I have never been too enthusiastic about advertising on blogs. Before yesterday, I always thought that ads were a necessary evil – nobody wants to see ’em but nobody wants to get rid of them either. As if you could get rid of a jillion-dollar industry on which most Internet business models and blog monetization schemes are built on anyway. I’ve given much thought to the nature of advertising, the fact that it seemed to be a driving force in the Internet economy, and whether or not that was a good thing. The mental exercise really left me hot and bothered (and not in a good way).
Not all ads are created equal.
Advertising is necessary. Whether it is right that advertising should appear everywhere is debatable but whether advertising is objectively good is not. In a world as big as ours, there is presently no better way for businesses to make consumers aware of their goods/services. Contextual advertising as made it easier for consumers to find the goods and services they need.
However, not all ads are created equal. I know that there a lot of good advertising campaigns out there. There are also a lot of ‘evil’ ads, which fall under two categories:
- Ads that mess with your mind: If you use me, you’re going to be like a star!
- Ads that mislead: Make money fast! Hot Pinays from Quezon City want to hook up! (with corresponding pictures of Caucasian women)
I wonder if you, as a blogger, have ever considered that whenever a sleazy company swindles a naive consumer through ads on your site, you are an accessory to the crime.
Not all bloggers are created equal either.
A lot of “pro”-bloggers talk about how to optimize ad placement to maximize CTR. Even many of the ones who care about their readers only go so far as to provide ‘relevant ads’. What seems to have escaped everyone’s notice is the content of the ads themselves, and how this will affect consumers.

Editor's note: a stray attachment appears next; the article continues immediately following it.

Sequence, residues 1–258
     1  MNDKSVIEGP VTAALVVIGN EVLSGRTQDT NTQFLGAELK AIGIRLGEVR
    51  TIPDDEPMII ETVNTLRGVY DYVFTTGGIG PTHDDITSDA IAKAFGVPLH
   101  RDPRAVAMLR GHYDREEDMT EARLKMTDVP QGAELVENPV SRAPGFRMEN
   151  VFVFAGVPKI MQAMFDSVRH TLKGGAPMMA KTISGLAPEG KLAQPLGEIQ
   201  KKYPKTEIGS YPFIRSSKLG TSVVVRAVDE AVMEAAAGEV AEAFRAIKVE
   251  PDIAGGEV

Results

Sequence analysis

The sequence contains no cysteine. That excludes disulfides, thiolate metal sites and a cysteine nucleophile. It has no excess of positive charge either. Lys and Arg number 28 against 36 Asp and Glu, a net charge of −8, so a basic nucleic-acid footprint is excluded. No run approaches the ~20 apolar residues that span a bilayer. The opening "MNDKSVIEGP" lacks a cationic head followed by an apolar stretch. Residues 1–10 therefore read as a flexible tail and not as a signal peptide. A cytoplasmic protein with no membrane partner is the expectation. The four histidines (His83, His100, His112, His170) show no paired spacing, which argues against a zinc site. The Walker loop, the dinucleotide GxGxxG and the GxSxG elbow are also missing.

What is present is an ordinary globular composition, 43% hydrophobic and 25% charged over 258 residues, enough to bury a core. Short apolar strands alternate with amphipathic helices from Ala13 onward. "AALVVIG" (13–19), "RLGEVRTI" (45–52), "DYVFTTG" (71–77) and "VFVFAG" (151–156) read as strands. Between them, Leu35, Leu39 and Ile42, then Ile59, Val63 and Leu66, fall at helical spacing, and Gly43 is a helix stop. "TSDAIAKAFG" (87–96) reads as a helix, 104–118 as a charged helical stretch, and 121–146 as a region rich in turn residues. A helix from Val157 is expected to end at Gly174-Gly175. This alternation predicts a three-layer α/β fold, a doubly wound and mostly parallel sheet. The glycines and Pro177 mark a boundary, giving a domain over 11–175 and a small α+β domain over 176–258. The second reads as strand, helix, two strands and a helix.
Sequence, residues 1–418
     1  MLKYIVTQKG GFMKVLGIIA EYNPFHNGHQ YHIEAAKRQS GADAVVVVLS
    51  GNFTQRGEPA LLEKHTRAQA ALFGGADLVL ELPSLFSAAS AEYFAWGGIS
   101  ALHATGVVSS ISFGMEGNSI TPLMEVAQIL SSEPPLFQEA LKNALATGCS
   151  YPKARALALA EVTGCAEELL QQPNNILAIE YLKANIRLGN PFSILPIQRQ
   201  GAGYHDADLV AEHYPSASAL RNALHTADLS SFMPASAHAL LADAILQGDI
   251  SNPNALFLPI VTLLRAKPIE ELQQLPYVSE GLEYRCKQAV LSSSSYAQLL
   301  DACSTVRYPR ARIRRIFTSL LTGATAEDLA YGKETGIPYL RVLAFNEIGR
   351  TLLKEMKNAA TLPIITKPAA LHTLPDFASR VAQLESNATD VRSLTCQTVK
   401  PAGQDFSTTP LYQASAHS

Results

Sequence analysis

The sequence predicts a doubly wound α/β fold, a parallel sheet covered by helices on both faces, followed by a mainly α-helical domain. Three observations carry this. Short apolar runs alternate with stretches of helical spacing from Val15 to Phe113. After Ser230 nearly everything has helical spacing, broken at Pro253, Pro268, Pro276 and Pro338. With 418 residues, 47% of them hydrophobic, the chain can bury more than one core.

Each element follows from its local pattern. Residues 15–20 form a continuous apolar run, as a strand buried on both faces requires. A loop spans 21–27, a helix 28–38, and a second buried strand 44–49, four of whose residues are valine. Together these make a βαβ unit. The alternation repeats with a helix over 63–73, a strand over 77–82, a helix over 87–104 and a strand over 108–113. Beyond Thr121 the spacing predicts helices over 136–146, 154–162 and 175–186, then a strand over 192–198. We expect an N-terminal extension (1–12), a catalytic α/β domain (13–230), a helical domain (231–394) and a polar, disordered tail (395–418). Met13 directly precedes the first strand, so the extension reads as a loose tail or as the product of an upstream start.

Much of the conversation in blogvertising (in all its forms) is between advertisers and bloggers. Since advertisers are the ones shelling out the moolah, most bloggers only care about making them happy. There are people who write paid reviews about products they’ve never tried. Even more reprehensible are those bloggers who review without full disclosure. In this set-up, readers/consumers are relegated to statistics.
Leveling the playing field.
I think it’s a good thing that people who advertise on their blog make money. In fact, good for them! What pisses me off is that they’re making money at the expense of other people. What pisses me off even more is the fact that some of them don’t give a damn about that.
It’s a good thing that there are people out there who care about this. In fact, I’m part of a team that’s developing something that will empower consumers. It might even kill off the dirty side of blogvertising.